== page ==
But in a land without parasites and worms, having those fighter genes with nothing to fight leaves them untrained, fidgety and aggressive. Those fighter genes cause your immune system to attack innocent inputs like peanuts, or pollen, or even immunization shots, which will then present as a host of symptoms of autoimmune diseases.

Our autoimmune diseases and allergies are essentially adaptations to parasites that have gone awry in the absence of parasites.

So our third most probable way of developing a simple peanut allergy is by inheriting an immune system that is really well adapted to parasites, but has not been exposed to them. The immune system is hot on the trigger to attack a parasite, but in the absence of parasites, attacks a simple peanut protein.

Now if you are lucky enough to be on “rabbit cage cleaning duty” and the hand sink is really really far away, chances are you might come in contact with some pinworm eggs on the rabbit fur, unknowingly lodge them under your fingernails, chew on them later that night, and finally welcome them into your body. The pinworm eggs travel through the digestive system until they reach the duodenum at the entrance to the small intestine. After about 2 – 8 weeks, the eggs hatch into larvae, which grow rapidly, moult twice and migrate to the colon. The adults mate over the next few weeks. The males die and the females attach themselves to the intestinal wall to feed. When full, the females make their way to the rectum because their growing eggs need oxygen to fully mature. So they start wiggling their way out of your body, and then when you scratch at them, they release their eggs all over you. The eggs can live in virtually any environment for up to 3 weeks. Now you know all about my childhood, and if you catch my mom at cocktails she’ll tell you the rest.

These crawl out your bum

These crawl out your bum

USE IT OR LOSE IT

The thing about the immune system is that it is like a muscle or a brain neuron – if you don’t use it, you lose it. The body is a merciless pruner so that it can provide you with the exact body and mind you essentially order up through environmental inputs. If you are a Polynesian pearl diver from a young age, your eyes will develop the ability to see clearly underwater simply because your repeated actions of diving deep underwater and straining to see have told your body what you need. Our body is miraculous in what it will respond to. But as far as the immune system goes, if you encounter parasites your body will jump to the challenge to develop a stronger support system against the parasite, and eventually to live peacefully with the parasite. We have co-evolved for so long and are so co-dependent with parasites, that not having them is like missing an organ.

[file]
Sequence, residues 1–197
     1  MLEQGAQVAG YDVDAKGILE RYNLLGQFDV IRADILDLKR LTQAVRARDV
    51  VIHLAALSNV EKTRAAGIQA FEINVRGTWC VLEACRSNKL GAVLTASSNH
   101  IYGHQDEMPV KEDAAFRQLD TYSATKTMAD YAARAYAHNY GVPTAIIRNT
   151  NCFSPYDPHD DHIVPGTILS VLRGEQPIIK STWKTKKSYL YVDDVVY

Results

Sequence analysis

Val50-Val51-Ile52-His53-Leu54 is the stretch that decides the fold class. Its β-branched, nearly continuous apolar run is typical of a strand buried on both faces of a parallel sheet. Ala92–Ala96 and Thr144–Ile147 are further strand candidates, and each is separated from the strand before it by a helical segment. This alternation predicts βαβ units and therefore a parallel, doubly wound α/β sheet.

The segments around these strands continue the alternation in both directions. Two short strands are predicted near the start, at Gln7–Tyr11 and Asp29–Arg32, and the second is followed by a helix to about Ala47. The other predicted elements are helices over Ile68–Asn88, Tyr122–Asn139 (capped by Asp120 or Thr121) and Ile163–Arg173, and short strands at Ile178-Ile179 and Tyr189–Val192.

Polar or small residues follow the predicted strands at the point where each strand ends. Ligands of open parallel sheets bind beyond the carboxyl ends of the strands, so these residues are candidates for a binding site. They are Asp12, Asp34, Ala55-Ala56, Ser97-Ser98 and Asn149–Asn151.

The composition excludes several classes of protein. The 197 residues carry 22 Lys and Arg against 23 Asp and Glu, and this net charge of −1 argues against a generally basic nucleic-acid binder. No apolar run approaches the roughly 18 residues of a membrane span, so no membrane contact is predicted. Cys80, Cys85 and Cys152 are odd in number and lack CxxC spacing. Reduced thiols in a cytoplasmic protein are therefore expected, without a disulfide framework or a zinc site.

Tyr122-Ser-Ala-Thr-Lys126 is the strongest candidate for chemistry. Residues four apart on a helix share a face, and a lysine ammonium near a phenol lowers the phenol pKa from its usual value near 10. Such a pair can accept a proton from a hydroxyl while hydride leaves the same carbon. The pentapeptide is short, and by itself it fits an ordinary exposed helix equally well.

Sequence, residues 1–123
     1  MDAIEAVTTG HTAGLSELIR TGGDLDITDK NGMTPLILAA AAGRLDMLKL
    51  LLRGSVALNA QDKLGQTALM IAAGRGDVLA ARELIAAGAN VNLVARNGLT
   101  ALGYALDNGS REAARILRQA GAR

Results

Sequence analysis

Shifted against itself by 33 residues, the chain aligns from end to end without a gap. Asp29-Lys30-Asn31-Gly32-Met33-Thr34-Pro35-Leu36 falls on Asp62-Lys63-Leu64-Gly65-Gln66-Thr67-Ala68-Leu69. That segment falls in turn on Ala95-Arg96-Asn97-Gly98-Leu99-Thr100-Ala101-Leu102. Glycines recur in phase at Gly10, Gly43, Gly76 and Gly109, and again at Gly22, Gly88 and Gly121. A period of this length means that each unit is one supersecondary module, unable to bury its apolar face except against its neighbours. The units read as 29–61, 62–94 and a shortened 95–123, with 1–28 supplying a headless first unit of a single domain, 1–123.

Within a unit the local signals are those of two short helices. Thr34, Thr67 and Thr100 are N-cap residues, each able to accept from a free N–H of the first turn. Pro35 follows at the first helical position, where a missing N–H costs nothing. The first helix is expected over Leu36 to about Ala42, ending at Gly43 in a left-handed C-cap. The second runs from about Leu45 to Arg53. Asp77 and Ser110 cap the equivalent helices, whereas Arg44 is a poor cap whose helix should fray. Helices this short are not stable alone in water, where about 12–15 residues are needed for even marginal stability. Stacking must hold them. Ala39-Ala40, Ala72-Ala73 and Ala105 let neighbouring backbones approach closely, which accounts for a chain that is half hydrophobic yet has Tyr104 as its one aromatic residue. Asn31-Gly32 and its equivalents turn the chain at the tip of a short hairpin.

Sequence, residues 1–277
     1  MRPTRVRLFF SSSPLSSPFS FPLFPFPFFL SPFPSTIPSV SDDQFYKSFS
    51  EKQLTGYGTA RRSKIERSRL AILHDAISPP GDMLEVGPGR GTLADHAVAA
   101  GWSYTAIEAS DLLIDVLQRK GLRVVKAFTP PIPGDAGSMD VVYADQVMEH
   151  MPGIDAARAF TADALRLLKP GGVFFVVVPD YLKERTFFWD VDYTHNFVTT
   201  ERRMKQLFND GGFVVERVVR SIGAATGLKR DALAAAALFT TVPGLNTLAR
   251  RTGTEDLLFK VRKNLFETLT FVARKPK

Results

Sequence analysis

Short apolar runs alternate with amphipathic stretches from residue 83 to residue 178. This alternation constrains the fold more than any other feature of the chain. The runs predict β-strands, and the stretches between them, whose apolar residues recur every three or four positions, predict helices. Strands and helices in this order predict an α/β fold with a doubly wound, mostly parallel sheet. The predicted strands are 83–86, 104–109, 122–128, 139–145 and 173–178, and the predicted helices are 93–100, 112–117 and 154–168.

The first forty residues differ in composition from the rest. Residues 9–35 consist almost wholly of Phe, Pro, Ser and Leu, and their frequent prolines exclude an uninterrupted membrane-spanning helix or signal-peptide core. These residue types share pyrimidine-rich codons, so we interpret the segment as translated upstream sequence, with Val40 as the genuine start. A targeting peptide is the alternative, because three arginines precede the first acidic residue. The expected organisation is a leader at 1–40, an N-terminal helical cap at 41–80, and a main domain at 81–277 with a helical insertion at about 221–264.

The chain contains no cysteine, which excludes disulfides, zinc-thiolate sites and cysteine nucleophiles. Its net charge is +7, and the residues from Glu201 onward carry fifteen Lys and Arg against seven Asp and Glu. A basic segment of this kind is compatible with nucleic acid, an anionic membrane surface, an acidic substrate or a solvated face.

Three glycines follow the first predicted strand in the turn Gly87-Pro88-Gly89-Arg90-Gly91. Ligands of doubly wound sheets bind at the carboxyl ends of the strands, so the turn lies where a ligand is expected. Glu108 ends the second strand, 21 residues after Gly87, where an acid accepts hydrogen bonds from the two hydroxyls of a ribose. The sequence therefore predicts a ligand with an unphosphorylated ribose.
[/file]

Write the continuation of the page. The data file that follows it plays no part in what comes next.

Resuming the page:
Does that mean we all have parasites, even here in the big city in my modern house? Probably we are all living with a very, very low level of pretty benign parasites. Go for a colonic at The Fenomen Clinic in Toronto and Tamara will probably show you a few parasites in your feces. Good times. The traditional perspective of colonic hydrotherapy is that it’s preferable to get rid of your parasites. Now we know better, so let’s bring them on.

REALLY, BRING ON THE PARASITES?

No, not really. I mean, if you are already weak and sick (with something other than autoimmune disease, like cancer or heart disease) or have some other problems, parasites might not be for you. However the author of Epidemic of Absence travels down to Mexico to infect himself with black-market hookworms, in hopes of healing his autoimmune alopecia and allergies. It’s a remarkable story, worth reading for yourself.

My takeaway is that there are definitely some risks involved with purposely exposing an adult immune system to parasites and worms. But that if you don’t mind taking that risk, and potentially feeling like you have the flu for 6 months to a year while worms course through your organs reproducing and feeding – you could be cured to some degree, if not totally. There are a ton of people trying this right now, with mixed results. But you will have to read their individual stories on the internet and decide for yourself. It will be years and years (or never) before any kind of clinical trial comes out on this. It’s not a medicine, after all – this cure is just a naturally occurring parasite which you can basically acquire by walking barefoot in Africa (which is how the black-market hookworms were originally smuggled back to Mexico).

EMBRACE BACTERIA

But my more general takeaway is that we all need to look at bacteria differently. It is who we are. Using anti-bacterial sprays and soaps is like using anti-human sprays and soaps. If they were labelled that way, would you still use them?

We need to be very careful with our use of antibiotics. That means not just avoiding prescriptions whenever possible, but also avoiding factory meat which is loaded with them even if it says it’s not. By law, commercial meat can state that it is “antibiotic-free” if antibiotics haven’t been administered for the two weeks prior to slaughter. That’s not enough, and there are tons of studies showing those antibiotics are still present in our food supply. Not to mention our water supply – full of antibiotics because of the huge doses given to factory animals. Basically you can do us all a favor by rejecting factory farming.